Male oral contact with

.37c

.41d

.46d

.02

.21

 .34d

.23

.25d

        female genitalia

 

 

 

 

 

 

 

 

Intercourse face to

.34b

.48d

.35b

.13a

.30a

 .46d

.34a

.33d

        face female on top

 

 

 

 

 

 

 

 

Intercourse fact to face

.23

.43d

.22

.13a

.09

 .44d

.24

.30d

        on side

 

 

 

 

 

 

 

 

Intercourse from rear

.30a

.45d

.45d

.16a

.14

 .44d

.21

.33d


Note.  M = males (n = 46-47); F = females (n = 199-204).  Higher scores correspond to greater amounts of the respective tendencies.

a p < .05.          b p < .01.          c p < .005.            d p < .001.

 

Discussion

         The present investigation examined some of the sexual behaviors and attitudes associated with the following psychological dispositions:  sexual-consciousness, sexual-monitoring, and sexual-assertiveness.  The results indicated that sexual-assertiveness in both males and females was predictive of greater contraceptive use, but only among males was sexual-awareness and sexual-monitoring found to predict more favorable attitudes toward condom use.  However, for both females and males, sexual-consciousness, sexual-monitoring, and sexual-assertiveness were positively associated with a greater variety and a more extensive history of sexual experiences.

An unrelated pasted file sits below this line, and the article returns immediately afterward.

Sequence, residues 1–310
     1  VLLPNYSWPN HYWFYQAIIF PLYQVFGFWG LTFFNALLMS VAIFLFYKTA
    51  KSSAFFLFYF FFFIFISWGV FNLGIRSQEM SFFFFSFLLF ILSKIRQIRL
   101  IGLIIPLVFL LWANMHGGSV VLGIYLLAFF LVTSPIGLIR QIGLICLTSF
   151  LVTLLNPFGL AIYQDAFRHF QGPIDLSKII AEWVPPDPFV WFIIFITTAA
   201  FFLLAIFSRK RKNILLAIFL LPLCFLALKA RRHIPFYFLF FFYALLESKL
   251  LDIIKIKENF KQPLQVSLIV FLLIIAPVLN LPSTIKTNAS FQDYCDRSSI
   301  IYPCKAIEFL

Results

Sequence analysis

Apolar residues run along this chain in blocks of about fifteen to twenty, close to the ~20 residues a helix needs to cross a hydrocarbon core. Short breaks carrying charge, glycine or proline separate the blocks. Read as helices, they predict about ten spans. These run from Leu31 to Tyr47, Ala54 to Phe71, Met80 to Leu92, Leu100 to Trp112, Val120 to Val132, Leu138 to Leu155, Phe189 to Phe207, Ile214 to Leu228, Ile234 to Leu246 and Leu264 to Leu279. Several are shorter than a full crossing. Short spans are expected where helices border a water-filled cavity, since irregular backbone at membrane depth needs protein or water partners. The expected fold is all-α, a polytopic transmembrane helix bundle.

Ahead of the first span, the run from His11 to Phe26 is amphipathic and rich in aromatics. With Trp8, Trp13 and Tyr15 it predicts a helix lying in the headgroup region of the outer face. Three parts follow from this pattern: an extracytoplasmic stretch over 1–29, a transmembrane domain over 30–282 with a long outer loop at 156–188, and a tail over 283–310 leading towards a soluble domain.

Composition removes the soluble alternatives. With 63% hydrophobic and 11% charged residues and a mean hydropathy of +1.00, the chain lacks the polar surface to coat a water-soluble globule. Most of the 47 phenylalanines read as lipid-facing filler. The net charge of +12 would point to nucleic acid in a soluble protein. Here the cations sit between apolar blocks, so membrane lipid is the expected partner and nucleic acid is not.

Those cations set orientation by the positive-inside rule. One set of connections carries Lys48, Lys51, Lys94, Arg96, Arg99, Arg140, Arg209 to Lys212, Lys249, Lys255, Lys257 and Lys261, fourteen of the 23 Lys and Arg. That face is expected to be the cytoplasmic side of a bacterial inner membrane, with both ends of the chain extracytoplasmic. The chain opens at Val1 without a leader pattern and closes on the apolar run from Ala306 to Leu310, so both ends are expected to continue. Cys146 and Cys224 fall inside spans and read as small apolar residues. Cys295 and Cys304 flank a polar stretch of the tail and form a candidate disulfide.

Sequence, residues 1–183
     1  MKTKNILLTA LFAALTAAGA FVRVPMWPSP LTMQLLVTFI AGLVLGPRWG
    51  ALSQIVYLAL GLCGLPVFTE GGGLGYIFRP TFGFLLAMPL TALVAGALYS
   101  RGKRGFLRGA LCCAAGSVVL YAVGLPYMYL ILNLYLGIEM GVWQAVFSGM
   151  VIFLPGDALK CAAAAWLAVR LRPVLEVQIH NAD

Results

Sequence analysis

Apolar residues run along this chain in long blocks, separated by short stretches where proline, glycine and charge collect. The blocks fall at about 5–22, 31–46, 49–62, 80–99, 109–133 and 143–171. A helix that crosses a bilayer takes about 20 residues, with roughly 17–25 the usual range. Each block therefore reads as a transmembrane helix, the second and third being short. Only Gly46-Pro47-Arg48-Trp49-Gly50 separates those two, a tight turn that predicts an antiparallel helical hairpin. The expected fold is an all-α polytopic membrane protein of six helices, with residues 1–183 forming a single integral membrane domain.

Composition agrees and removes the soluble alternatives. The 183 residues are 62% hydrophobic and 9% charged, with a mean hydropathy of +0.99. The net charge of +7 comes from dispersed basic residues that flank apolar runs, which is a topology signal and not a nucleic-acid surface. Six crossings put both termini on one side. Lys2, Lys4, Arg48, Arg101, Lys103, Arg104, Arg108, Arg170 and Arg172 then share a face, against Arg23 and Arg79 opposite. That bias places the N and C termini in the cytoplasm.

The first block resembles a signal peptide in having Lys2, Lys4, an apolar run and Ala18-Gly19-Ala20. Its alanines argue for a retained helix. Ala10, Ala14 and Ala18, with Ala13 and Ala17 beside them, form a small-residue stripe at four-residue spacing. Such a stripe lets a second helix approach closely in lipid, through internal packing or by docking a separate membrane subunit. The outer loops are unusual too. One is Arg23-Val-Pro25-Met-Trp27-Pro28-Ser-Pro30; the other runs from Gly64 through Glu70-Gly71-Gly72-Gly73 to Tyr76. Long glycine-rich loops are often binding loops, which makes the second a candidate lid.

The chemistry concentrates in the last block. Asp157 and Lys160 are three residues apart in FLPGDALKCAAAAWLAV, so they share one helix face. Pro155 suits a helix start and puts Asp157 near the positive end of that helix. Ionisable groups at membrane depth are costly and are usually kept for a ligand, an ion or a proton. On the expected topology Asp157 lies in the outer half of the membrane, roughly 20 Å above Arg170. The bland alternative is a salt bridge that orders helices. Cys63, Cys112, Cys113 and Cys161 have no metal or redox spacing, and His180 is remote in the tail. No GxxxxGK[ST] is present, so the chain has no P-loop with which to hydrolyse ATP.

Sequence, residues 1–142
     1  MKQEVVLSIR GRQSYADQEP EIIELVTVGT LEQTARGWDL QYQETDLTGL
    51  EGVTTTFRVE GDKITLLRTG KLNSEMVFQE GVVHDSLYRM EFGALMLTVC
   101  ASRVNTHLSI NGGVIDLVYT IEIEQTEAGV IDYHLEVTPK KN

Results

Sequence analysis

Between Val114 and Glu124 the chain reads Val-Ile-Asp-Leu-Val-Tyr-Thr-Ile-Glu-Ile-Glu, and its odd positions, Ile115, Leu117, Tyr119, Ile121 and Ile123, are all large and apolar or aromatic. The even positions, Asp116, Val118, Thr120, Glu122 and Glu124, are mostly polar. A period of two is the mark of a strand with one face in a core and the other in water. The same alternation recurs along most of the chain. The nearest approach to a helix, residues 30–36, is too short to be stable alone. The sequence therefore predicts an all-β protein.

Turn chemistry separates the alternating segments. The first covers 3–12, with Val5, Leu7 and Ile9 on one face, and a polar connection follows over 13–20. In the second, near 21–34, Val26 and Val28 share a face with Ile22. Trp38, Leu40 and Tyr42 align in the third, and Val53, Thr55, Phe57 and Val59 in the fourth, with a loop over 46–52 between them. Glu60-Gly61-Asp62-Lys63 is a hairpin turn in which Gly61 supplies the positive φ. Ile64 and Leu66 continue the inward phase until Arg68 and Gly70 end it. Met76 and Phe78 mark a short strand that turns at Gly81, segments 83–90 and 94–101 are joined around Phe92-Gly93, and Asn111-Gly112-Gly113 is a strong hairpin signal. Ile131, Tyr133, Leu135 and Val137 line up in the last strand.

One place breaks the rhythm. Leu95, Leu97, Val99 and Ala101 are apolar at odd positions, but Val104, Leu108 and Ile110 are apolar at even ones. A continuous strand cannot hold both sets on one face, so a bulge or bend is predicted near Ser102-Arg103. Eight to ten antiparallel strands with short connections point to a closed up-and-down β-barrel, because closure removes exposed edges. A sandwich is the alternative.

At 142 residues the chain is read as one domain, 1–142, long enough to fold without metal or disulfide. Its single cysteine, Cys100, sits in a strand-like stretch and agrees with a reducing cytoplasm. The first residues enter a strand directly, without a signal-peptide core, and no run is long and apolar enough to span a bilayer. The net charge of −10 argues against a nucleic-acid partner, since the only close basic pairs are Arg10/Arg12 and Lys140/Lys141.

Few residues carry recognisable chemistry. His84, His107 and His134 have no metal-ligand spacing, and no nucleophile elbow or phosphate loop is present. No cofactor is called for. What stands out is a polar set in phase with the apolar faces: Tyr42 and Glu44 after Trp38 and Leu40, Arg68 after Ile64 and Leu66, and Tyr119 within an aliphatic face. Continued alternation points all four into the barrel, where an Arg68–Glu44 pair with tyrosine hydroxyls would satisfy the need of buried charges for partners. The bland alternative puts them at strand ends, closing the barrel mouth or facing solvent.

General Conclusions and Summary

         Overall, the results of this investigation offers additional evidence for the reliability and validity of the Sexual Awareness Questionnaire (Snell et al., 1991).  Our findings suggest that various types of sexual-awareness (and sexual-assertiveness) may contribute in substantial ways to women's and men's sexual feelings, thoughts, and behaviors.  Given this evidence, researchers may want to consider using the Sexual Awareness Questionnaire to examine such issues as sexual misunderstandings (Abbey, 1982; Abbey, Cozzarelli, McLaughlin, & Harnish, 1987; Abbey & Melby, 1986), the spread of STD's, contraception use (Fisher, Byrne, & White, 1983; Gerrard, 1987; Leary & Dobbins, 1983), unwanted pregnancy, and other sexual topics.  Besides research applications, the SAQ might also be useful to employ  in applied therapy settings to help assess client's level of sexual awareness (cf. Kaplan, 1974, 1979; Maddox, 1976).  The present research represents additional evidence for the validity of the SAQ sexual awareness tendencies.


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SURVEY

INSTRUCTIONS:  The items listed below refer to the sexual aspects of people's lives.  Please read each item carefully and decide to what extent it is characteristic of you.  Give each item a rating of how much it applies to you by using the following scale: